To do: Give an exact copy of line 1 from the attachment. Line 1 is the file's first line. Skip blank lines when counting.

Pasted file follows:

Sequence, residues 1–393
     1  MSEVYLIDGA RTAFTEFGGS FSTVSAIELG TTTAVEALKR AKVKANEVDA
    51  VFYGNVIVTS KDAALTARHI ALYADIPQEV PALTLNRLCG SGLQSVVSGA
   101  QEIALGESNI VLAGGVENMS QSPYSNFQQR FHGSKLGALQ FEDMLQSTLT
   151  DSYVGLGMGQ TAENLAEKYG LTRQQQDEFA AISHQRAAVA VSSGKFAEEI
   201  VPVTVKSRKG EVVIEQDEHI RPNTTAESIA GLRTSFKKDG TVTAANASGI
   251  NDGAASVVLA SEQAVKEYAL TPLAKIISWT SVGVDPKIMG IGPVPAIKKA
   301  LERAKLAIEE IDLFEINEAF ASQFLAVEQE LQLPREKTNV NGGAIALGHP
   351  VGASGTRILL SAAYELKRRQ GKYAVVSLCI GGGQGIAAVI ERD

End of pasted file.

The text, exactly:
Sequence, residues 1–393